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Chief Judge Calls Circuit Conference "Our Most Successful"

August 31, 2012 / Ninth Circuit Public Information Office


Chief Judge Alex Kozinski said the interaction among judges, lawyers, their spouses and families helps 'unite us as a profession.'

Kaanapali, Maui - Chief Judge Alex Kozinski described the recently completed 2012 Ninth Circuit Judicial Conference as "our most successful."

"We had an outstanding educational program focusing on a number of cutting-edge issues in the administration of justice.  All of the sessions were well attended, most of them standing room only.

"We conducted the necessary business of the courts through a variety of meetings.  And there were numerous opportunities for informal interaction among the judges, and between judges and members of the bar.

"Much of what we do as judges is very formal.  We conduct ourselves at arm's length from others.  If you are an appellate or trial judge, you do much of your work in chambers, far from public view.  The Conference is our chance to spend time with other judges, with lawyers, with spouses and families.  It is important in cementing the bonds that unite us as a profession and that are vital in improving the administration of justice in our geographically diverse circuit.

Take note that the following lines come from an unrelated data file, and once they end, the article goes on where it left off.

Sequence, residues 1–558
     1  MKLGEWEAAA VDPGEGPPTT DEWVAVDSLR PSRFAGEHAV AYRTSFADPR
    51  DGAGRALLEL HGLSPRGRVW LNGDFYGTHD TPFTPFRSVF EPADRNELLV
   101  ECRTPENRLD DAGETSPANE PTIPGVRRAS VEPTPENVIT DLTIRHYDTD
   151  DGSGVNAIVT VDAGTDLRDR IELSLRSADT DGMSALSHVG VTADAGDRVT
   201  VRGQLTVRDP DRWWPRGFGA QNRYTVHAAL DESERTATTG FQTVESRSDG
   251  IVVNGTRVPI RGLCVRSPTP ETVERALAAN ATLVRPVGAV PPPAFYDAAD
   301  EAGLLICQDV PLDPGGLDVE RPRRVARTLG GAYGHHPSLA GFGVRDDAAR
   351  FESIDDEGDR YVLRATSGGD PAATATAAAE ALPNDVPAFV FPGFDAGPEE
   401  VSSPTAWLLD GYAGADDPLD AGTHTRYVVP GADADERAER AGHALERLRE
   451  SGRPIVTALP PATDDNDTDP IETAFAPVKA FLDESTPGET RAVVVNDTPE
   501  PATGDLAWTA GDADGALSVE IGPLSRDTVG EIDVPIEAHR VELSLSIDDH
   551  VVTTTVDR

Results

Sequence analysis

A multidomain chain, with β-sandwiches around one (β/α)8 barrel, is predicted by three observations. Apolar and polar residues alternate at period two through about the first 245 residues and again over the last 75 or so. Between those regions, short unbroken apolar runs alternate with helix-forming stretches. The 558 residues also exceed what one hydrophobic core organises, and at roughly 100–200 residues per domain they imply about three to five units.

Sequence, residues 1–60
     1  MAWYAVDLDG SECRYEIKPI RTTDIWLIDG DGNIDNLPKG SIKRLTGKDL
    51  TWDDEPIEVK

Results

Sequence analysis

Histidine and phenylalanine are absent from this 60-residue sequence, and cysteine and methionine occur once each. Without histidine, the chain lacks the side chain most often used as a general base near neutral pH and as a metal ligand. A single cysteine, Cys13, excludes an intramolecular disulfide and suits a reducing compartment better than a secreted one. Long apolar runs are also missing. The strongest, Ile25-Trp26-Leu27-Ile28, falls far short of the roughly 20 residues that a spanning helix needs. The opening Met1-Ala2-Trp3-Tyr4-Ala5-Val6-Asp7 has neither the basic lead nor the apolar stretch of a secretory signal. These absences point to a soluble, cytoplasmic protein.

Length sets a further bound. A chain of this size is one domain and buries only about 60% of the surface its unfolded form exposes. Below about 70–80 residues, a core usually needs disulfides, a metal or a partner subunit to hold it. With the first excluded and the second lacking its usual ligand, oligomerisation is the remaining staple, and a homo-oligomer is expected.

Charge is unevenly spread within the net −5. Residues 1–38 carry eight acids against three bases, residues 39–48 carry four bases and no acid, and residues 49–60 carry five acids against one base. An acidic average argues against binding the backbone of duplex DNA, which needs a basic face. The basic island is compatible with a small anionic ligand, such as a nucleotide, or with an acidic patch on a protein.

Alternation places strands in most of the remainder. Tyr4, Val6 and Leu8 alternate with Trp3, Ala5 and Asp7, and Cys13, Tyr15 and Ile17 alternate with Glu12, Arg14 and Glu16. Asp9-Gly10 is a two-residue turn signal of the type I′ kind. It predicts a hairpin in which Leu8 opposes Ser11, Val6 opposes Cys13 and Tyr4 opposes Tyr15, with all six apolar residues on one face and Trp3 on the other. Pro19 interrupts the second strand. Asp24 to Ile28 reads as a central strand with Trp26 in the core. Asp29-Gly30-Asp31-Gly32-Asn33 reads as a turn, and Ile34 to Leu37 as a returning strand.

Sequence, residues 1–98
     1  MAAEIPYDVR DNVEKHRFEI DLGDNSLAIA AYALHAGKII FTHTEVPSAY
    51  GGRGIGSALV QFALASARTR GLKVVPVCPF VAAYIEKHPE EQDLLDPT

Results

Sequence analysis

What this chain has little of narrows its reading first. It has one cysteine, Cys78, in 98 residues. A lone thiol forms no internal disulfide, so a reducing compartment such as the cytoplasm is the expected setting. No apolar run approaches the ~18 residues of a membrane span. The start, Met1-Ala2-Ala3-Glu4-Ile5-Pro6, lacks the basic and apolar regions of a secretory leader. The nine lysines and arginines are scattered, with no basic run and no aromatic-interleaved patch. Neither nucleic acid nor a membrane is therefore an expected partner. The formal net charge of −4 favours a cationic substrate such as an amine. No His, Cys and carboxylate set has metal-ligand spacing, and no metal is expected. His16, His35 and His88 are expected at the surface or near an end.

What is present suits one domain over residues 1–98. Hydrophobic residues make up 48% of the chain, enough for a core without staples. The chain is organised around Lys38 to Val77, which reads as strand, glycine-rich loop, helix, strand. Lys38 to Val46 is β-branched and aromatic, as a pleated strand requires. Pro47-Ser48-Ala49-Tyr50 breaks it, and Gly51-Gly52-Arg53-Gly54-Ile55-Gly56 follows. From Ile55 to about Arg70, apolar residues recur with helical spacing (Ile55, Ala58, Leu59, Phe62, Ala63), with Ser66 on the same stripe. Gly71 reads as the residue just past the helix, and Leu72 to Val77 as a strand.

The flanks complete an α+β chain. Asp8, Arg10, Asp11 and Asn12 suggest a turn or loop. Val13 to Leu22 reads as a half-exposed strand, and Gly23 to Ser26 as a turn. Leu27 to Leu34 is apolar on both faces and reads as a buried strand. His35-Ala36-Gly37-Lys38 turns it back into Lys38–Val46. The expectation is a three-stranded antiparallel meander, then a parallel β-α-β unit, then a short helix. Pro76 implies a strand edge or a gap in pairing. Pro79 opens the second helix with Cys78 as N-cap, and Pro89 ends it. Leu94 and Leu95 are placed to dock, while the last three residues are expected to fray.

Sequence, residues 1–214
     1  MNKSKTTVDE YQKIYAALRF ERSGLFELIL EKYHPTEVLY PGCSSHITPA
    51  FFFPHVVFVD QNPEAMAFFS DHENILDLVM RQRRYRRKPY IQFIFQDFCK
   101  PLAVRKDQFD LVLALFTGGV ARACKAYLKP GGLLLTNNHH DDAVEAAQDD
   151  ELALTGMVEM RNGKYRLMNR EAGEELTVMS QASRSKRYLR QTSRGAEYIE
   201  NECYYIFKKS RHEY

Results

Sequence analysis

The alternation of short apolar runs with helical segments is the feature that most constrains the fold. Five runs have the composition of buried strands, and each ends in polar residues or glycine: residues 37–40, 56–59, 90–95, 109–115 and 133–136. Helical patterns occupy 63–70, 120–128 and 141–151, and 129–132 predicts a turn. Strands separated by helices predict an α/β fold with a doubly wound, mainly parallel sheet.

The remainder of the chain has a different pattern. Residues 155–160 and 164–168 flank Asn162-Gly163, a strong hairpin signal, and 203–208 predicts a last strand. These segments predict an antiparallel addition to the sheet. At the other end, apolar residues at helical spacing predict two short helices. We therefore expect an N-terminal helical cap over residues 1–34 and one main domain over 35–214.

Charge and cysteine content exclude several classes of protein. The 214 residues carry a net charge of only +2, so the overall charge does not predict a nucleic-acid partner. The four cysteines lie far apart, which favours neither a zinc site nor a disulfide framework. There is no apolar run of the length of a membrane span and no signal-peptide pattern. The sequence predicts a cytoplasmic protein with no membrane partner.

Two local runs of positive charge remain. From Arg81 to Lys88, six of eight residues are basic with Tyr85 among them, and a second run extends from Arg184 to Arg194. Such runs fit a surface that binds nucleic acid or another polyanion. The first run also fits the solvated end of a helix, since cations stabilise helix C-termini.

"Having Justice Kennedy and Mrs. Kennedy present for the entire Conference was an affirmation of its importance.  We appreciated their participation very much.  I would also thank the people of Maui for being such gracious hosts.  It has truly been a pleasure to be here and we all look forward to returning to the great state of Hawaii, which we are proud to have as part of the Ninth Circuit."

Judge Kozinski made his remarks in a statement issued to the news website HawaiiReporter.com



Conference Takes Up Influence of Race on Sentencing



Judge Ruben Castillo top, commended the Conference for taking up the race issue.  Bryan Stevenson, center, spoke eloquently of the need for change in sentencing.  Judges and lawyers filled the ballroom for the presentation.

Kaanapali, Maui - Race continues to have a significant influence on the criminal punishment dispensed by federal courts. A panel of current and former judges and noted academics speaking to the Ninth Circuit Judicial Conference Wednesday presented dramatic evidence that African Americans and Hispanics are much more likely to be incarcerated and for substantially longer times than whites and others.

"Black male defendants receive longer sentences than whites," said U.S. District Judge Ruben Castillo of Chicago, quoting from a 2010 report from the U.S. Sentencing Commission, which found blacks received sentences nearly 5 percent longer than whites.

Judge Castillo, who served on the commission for 11 years, said he was perplexed and dismayed when the finding drew little attention from the press and public.